possible to save the section, but in vain, as no one at the howitzers would obey orders. I then ordered Captain Stange to put another section of his that had arrived in battery, and open upon the enemy, which, had he done, the other section of howitzers could have been saved; but, instead of obeying orders, he fell back, and even failed to fire from where he was, which was an excellent range for grape and canister. I can assure the commanding general the loss of these two guns is attributable to the officers in charge, and the unavoidable confusion in the cavalry, having to contend with a dismounted enemy, covered by a thick forest. I believe the commanding general will do me the justice to say, as he was himself on the field and saw part of my efforts, that I exhausted every means in my power, save that of life, to rescue these guns. I remained on the ground until my horse was shot three times under me, and then retired only to bring up my own regiment. These demonstrations proved that the enemy had massed his heavy forces between the Bayou Fourche and the Arkansas River. I now determined to fight him in his own way, and brought up the Tenth Illinois and Third Missouri, and dismounted them to fight on foot, in three lines. The first, a line of skirmishers; the second, the line of battle; the third, a reserve; my right resting on the beach of the Arkansas River; my left on the Bayou Fourche. It now became necessary to combine all my forces to vanquish a vaunting and defiant foe. I therefore ordered the First Iowa Cavalry to countermarch and follow, mounted, at a supporting distance, our dismounted lines. Before withdrawing the First Iowa, I explained to Colonel Merrill the nature and connections of the roads, and suggested to him to send up his brigade as a substitute, and fall on the rear of the enemy by way of the levee, and I would drive back and capture his whole force. This result seemed to me inevitable, if this movement on the left should be made. I now returned to my command, gave the order to advance, and in a few moments a terrific and deadly fire prevailed along the whole line from friend and foe. Inch by inch did the Tenth Illinois, Lieutenant-Colonel Stuart commanding, and Third Missouri, Captain J. [H.] Reed commanding, drive back the stubborn and sullen enemy. When, by the advance of my lines upon the lost ground of the enemy, and by the divergence of the Fourche to the left, the front became so expanded that our scanty troops could not occupy the ground, I ordered portions of the First Iowa to both flanks and center, where they did heroic service, giving a general impetus to our whole line. When our advance had reached that point at which the two roads intersect on our left, and not finding Colonel Merrill's brigade co-operating, as I expected, I immediately ordered Major Caldwell to move to the left, in a corn-field, two or three squadrons, who at once unmasked the front of Colonel Merrill's brigade by driving the enemy in disorder, and capturing a caisson filled with ammunition, and 6 mules. We failed of any co-operation from Colonel Merrill's brigade on the north side of the bayou. With small-arms alone did we contend with an enemy four times our number, supported and encouraged by a battery of artillery, which sent a steady hail of solid shot, grape, and canister among our ranks. Such was the determination and impetuosity of the officers and men of the Second Brigade, that the enemy had no time or place to rest until he had been driven 3 miles, through the woods into the open fields, where they broke and fled in the utmost disorder and confusion in the direction of Little Rock.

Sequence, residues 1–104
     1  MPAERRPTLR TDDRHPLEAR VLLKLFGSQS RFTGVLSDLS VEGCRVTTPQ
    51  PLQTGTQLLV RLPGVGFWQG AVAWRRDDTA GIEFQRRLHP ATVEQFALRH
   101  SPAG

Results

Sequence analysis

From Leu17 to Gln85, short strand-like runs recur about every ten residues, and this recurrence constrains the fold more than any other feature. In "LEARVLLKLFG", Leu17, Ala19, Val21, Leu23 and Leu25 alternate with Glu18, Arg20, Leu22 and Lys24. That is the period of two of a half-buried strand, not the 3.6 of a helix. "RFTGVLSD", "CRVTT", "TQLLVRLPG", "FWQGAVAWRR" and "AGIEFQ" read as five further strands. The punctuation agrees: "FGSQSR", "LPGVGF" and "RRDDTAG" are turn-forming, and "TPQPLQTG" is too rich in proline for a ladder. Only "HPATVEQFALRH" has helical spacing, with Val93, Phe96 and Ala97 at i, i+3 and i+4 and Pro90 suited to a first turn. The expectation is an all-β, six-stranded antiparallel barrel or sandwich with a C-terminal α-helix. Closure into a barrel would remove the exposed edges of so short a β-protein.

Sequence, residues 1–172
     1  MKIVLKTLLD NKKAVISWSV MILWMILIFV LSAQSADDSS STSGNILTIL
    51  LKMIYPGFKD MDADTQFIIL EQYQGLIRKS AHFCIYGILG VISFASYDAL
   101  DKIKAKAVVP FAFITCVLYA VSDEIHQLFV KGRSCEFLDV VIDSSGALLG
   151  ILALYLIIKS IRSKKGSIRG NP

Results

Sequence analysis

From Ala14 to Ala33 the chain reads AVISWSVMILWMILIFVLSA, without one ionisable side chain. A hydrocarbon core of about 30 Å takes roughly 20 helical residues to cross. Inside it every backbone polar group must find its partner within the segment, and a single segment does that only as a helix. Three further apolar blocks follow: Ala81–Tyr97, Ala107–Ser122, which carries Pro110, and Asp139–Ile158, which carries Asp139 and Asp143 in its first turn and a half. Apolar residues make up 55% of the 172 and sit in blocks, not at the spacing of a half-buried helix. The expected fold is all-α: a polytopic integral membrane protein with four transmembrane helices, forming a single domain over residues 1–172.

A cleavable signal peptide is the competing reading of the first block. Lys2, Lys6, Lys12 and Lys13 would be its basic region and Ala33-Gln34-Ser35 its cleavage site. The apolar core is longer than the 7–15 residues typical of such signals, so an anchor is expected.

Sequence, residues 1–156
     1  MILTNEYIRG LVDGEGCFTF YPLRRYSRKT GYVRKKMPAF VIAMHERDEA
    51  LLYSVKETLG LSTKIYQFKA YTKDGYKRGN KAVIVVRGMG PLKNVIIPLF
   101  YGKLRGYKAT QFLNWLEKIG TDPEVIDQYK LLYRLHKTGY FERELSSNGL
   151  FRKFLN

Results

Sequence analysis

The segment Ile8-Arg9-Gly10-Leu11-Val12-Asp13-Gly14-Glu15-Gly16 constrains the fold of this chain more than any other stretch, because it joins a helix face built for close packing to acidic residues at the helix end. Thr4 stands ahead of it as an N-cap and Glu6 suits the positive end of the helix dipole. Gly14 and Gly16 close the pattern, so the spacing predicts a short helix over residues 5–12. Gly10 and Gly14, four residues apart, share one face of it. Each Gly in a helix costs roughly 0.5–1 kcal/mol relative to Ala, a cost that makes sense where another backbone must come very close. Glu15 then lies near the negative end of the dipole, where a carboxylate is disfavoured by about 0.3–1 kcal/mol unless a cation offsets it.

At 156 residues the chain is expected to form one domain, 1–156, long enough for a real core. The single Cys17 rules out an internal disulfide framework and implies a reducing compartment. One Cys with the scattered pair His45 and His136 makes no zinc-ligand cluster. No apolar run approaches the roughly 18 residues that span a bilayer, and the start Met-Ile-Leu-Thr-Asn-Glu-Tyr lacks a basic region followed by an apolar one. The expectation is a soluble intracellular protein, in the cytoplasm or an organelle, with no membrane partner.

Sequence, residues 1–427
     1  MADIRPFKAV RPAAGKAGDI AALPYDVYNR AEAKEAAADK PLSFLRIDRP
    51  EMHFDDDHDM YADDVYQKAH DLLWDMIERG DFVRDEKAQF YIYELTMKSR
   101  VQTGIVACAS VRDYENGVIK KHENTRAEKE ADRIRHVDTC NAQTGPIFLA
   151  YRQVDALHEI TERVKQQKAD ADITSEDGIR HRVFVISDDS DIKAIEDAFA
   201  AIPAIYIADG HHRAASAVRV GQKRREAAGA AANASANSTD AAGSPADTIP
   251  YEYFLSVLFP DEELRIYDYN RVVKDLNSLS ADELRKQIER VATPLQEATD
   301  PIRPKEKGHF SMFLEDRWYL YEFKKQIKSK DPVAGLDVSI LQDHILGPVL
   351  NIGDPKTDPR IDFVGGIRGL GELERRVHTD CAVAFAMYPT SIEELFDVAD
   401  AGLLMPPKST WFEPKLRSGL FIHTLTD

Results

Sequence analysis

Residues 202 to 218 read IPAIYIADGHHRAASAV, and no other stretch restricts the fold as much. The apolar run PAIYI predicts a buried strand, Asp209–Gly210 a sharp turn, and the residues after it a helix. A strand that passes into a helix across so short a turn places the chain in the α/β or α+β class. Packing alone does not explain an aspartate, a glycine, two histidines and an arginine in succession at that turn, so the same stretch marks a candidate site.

The Second Brigade, without any relief, having fought on foot some three hours, and traveled some 3 miles, being perfectly exhausted, and their horses being behind, ceased the pursuit in 2 miles of Little Rock, while other portions of the division rode into the city.